Despite the efforts of aggressive buyers, Schlecker’s goods were often more expansive than the competition, which, in combination with the “customer-unfriendly” stores, further eroded sales. A DVD rental store or a gas station might sell ice cream for three times the price of a grocery store, but their sales are driven by the convenience attendant to combining the ice cream purchase with a gas purchase. Schlecker’s pricing strategy led to some products’ being extremely unprofitable while other rarely sold at all (FAZ 29.02.2012). Unprofitable products were not discontinued or were discontinued too late. Aldi and Lidl have a very experienced product management team that puts together only what is profitable and replaces unprofitable products very quickly. Hiring some experienced managers could be a solution to the problem but only if top management gives the product management the freedom to decide on its own. This strategy would have addressed another issue, which was that many commonly needed goods were not available in Schlecker’s stores, resulting in unhappy customers who are less likely to return than they would be if the store stocked what they needed. Schlecker had a serious problem with not enough useful goods on the shelves, too many goods that were not useful, and too many empty shelves (FAZ 14.03.2012). Not having the goods customers need erodes the convenience strategy, as the last thing a customer who is on the way home from work wants is to have to make two stops for one item.

Many Schlecker shops are in small villages, and these shops are often not very profitable or barely break even. In these villages, Schlecker is sometimes the only store, and it is important that it supply the most necessary items for the community. It is also the center of communication for the villagers, so it has the potential to increase shopping time if the store is comfortable. However, these shops have very small shopping carts and a limited selection. The customers, often older people who cannot go very far, buy small amounts but regularly. By driving out to these villages and asking customers their views, a Turnaround Management Society employee found out that the customers would buy more if Schlecker would supply other goods besides drugs, such as basic groceries, books, wine, drinks, and DVDs. If Schlecker provided these goods in country regions, they could be more profitable, gain customers, and provide an important service to these communities. To accommodate for the communities’ need to exchange information, they could even offer fresh coffee.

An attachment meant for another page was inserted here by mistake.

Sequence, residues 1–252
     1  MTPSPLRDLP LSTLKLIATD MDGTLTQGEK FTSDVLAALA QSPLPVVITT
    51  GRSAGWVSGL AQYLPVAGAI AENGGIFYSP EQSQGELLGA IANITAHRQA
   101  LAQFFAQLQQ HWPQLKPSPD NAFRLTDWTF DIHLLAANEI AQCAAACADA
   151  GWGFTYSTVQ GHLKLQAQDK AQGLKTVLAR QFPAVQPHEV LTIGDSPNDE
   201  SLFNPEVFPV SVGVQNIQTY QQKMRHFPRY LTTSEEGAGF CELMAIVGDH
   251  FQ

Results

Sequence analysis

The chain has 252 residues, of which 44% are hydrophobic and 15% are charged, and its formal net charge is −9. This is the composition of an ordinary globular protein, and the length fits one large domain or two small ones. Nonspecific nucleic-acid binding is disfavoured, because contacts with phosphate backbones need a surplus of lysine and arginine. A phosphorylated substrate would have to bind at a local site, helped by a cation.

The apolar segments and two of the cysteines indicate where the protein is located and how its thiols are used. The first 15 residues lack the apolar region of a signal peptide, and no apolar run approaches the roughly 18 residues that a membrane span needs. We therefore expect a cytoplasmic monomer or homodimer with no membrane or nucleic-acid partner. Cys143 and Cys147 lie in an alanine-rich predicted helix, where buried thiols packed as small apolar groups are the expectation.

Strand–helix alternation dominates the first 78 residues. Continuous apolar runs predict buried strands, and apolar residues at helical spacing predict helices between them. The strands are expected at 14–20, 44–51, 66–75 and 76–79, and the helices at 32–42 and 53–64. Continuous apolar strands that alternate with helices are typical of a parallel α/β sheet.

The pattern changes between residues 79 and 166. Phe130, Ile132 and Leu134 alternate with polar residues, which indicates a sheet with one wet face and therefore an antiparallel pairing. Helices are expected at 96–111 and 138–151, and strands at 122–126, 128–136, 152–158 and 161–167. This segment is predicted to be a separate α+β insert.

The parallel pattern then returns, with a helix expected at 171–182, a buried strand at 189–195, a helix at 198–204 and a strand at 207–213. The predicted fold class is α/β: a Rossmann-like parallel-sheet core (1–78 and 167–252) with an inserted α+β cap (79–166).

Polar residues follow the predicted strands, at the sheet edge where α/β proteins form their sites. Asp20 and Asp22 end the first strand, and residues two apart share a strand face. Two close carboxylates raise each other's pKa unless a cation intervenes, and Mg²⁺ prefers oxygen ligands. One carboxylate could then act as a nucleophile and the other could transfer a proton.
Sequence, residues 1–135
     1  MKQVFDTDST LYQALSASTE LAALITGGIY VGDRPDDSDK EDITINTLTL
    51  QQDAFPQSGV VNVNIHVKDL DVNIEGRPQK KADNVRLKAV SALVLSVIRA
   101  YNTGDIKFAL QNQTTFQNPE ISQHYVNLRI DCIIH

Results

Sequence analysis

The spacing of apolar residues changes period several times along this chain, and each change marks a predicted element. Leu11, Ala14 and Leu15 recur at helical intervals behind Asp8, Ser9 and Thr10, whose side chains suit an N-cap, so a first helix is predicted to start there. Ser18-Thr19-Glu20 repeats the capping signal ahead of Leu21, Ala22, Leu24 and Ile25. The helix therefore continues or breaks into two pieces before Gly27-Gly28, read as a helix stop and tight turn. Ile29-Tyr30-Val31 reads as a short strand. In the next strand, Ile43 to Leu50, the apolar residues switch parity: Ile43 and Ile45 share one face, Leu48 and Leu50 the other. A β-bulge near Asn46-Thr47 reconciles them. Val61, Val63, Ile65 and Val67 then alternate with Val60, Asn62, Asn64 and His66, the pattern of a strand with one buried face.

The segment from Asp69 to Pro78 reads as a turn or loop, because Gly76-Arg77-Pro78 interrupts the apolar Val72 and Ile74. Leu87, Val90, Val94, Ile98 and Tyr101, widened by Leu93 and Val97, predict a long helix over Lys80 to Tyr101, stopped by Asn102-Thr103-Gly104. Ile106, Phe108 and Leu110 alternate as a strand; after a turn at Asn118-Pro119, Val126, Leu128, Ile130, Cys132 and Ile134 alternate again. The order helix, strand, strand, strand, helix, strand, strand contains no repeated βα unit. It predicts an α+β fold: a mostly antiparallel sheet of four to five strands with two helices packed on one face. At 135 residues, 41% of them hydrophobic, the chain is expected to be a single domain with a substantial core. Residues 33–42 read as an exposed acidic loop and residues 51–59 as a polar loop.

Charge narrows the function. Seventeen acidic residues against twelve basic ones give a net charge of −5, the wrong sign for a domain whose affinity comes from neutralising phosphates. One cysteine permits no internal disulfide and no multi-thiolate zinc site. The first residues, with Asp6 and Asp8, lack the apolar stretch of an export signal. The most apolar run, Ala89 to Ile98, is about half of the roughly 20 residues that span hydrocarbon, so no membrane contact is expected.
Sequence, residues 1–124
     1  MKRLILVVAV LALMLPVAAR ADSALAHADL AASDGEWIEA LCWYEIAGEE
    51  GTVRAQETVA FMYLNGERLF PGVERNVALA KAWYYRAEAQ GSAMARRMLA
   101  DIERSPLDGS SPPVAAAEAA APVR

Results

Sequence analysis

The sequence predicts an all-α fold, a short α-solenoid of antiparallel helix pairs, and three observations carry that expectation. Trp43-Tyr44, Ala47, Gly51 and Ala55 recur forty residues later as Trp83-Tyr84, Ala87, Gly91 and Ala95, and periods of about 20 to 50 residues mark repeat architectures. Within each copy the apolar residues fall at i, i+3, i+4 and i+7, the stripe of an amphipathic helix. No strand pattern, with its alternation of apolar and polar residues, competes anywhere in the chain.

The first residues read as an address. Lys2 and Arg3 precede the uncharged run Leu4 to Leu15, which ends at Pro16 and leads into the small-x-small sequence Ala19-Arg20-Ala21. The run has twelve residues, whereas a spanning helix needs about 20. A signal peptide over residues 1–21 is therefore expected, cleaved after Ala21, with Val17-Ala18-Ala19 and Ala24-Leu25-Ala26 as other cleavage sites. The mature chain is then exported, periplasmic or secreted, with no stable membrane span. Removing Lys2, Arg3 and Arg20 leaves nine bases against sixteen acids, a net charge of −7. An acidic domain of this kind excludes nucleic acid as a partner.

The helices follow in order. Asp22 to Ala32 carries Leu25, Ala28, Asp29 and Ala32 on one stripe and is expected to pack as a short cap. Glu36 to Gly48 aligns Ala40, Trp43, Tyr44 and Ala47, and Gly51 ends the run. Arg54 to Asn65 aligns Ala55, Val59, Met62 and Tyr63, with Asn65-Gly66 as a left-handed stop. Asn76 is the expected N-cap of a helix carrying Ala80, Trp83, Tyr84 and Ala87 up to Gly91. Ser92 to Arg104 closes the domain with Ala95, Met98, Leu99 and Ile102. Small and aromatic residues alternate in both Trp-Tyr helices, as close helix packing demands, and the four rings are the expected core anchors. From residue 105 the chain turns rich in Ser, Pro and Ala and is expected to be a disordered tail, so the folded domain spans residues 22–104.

Another reason for the crisis is very high rent in some areas; in this case, Schlecker can benefit from the struggling economy, as it may have an opportunity to renegotiate rents. According to the German law, the insolvency administrator can cancel rental agreements with three months’ notice even when the period of the original contract has not expired.

The primary issue—the source of the myriad issues listed so far—is the top management of the company, Anton Schlecker. Schlecker has a reputation for not taking criticism well or seriously. He and his wife Christa tend to run the empire using an imperial management style, and the good intentions and fresh view of employees were not regarded as constructive or taken seriously (Manager Magazin 4|12). Schlecker managed the company autocratically and did not accept many questions or suggestions from middle management. In the end, (which it seems the company is nearing), Schlecker lost millions.

It is interesting that the Schlecker subsidiaries in countries other than Germany are profitable, which could open a discussion about cultural influences or differences in how the subsidiaries are run. However, my suggestion, in keeping with the International Turnaround Management Standard (ITMS), a guided system for steering a company out of a crisis, is that, since the company is well on the way to insolvency, selling the profitable parts of the business to finance the restructuring of the crisis-shaken parts of the business may be a last resort  . The ITMS shows that this strategy can lead to a successful turnaround.